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Journal of Radiology Case Reports

Sarcomatoid renal cell carcinoma: A case report and literature review

Case Report

Michael Reiter1*, Ryan Schwope1, Arthur Clarkson2

Radiology Case. 2012 Apr; 6(4):11-16 :: DOI: 10.3941/jrcr.v6i4.976

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1. Department of Radiology, Brooke Army Medical Center, San Antonio USA
2. Department of Pathology, Brooke Army Medical Center, San Antonio USA

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  ABSTRACT
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Renal cell carcinoma (RCC) is the most common malignancy of the kidney and consists of multiple subtypes. The sarcomatoid variety, while previously considered a distinct histologic subtype, is now categorized as a form of dedifferentiated carcinoma. When present, it is associated with a significant decrease in patient survival due to its rapid growth and intrusive behavior. Preoperative knowledge of this diagnosis may be beneficial to clinicians in order to modify treatment options and follow-up protocols. This report describes a case of sarcomatoid renal cell carcinoma in which the patient initially presented with flank pain. We then discuss the clinical features of sarcomatoid renal cell carcinoma and its imaging appearance on computed tomography (CT), and succinctly review the subtypes of renal cell carcinoma and their imaging characteristics.

  CASE REPORT
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An 87 year old woman presented with left flank pain. There were no pertinent physical exam findings and the only significant laboratory abnormality was microscopic hematuria. A computed tomography (CT) urogram was performed demonstrating a large heterogeneous mass measuring 6.0 x 5.2 x 5.5 cm within the inferior pole of the left kidney, with extention into the renal sinus. The lesion was isoattenuating with respect to the renal parenchyma on the noncontrast images and had a single thin curvilinear calcification anteriorly. The lesion also demonstrated multiple areas of low density centrally, suggesting necrosis. No macroscopic fat was noted in the mass. During the corticomedullary phase, there was enhancement of the more peripheral aspects of the mass, although the enhancement was less than the renal cortex. The solid enhancing component of the lesion remained mildly hypodense compared to the kidney during the nephrographic phase, while the previously described non-enhancing, low density portions became more conspicuous. Excretory phase imaging revealed questionable enhancing intraluminal soft tissue density within the left renal pelvis and proximal left ureter (Fig. 1 Preview this figure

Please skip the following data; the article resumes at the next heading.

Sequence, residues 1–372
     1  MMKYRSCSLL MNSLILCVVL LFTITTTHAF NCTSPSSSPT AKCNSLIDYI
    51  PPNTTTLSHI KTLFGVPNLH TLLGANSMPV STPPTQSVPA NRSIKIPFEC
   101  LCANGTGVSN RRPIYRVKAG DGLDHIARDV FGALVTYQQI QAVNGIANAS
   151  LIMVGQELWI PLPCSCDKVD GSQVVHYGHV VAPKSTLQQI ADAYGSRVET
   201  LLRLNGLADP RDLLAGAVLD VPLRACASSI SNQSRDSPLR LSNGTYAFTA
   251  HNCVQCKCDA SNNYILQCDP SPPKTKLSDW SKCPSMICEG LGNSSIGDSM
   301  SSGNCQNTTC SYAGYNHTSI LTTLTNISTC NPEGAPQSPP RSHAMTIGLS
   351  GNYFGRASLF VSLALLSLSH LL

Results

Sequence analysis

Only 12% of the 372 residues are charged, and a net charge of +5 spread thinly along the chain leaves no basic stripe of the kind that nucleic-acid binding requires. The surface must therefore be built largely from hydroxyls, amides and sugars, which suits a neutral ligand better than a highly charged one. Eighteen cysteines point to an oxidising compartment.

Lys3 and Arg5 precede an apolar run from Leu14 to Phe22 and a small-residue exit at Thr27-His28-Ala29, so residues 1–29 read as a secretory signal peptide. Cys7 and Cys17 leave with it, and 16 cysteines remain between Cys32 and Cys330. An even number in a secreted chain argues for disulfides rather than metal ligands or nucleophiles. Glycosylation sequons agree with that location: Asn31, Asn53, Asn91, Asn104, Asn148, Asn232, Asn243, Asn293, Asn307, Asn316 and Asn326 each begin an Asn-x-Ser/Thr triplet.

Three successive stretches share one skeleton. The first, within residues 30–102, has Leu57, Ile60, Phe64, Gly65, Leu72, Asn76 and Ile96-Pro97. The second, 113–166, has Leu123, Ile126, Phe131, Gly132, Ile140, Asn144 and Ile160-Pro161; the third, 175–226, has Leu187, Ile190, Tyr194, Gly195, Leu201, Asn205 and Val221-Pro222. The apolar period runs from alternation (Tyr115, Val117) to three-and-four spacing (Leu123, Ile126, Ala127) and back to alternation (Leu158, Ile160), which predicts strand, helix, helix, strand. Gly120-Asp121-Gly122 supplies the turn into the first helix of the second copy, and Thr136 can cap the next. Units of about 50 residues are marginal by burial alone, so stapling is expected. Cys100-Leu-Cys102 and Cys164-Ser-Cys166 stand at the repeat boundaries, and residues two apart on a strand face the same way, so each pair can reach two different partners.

Figure 1: Computed Tomography
87 year old woman diagnosed with sarcomatoid renal cell carcinoma. Axial and coronal computed tomographic images of the abdomen demonstrating a 6.0 x 5.2 x 5.5 cm mass centered within the inferior pole of the left kidney. On the axial noncontrast image (A), the mass is heterogeneous with the peripheral portions being isodense to the normal renal parenchyma and with central hypoattenuating areas suggestive of necrosis. The thin arrow denotes the calcification. During the corticomedullary phase (B), the peripheral solid component of the mass enhances but not as avidly as normal renal cortex. The central low density necrotic areas become more conspicuous during the nephrographic phase (C). Intraluminal soft tissue density is suggested within the proximal left ureter (arrow) on the coronal excretory phase image (D), which was confirmed to not represent tumor extension at the time of pathologic analysis. (Protocol: 64 slice, Siemens, 100 mAs, 120 kV, 3 mm slice thickness. W:400, L:40. 100 mL intravenous Omnipaque).
). There was also mild pelvicaliectasis. There were several prominent left para-aortic lymph nodes, measuring up to 1.1 cm in short axis diameter. The left renal vein was patent and the adrenal glands were normal. The differential diagnosis at this point included renal cell carcinoma and subtypes, lipid poor angiomyolipoma, oncocytoma, transitional cell carcinoma, lymphoma and metastatic disease [1].

Given the possibility of urinary upper tract involvement, the patient was taken to surgery for left nephroureterectomy for potential transitional cell carcinoma. However, pathologic analysis revealed renal cell carcinoma of the chromophobe histologic subtype with significant sarcomatoid differentiation (98% of the total tumor volume), extending into the renal sinus (Fig. 2 Preview this figure
Figure 2: Microscopic pathology
Hematoxylin and eosin-stained sections. Low power (4X) view (A) shows the interface between tumor (T) and uninvolved kidney (K). High power (40X) view (B) reveals cells with pale eosinophilia centrally (C) and a few perinuclear halos indicative of the chromophobe subtype of renal cell carcinoma (RCC) as well as pleomorphic spindled cells with large, bizarre nuclei (S) typical of sarcomatoid differentiation.
). The Fuhrman grade was designated as 4, and discrete areas of both hemorrhage and necrosis were identified. No tumor was identified within the ureter, making the filling defect within the ureter on imaging likely blood products.

The patient returned to the emergency department 5 months later with peritoneal signs. Other than a tender abdomen, physical examination and laboratory work up were non-contributory. CT of the abdomen and pelvis demonstrated changes status post left nephroureterectomy, including a small fluid collection in the left renal fossa. A new 6.8 cm rounded and heterogeneous mass was present within the anterior left lower quadrant abutting the transverse colon, highly concerning for metastatic disease (Fig. 3 Preview this figure
Figure 3: Computed Tomography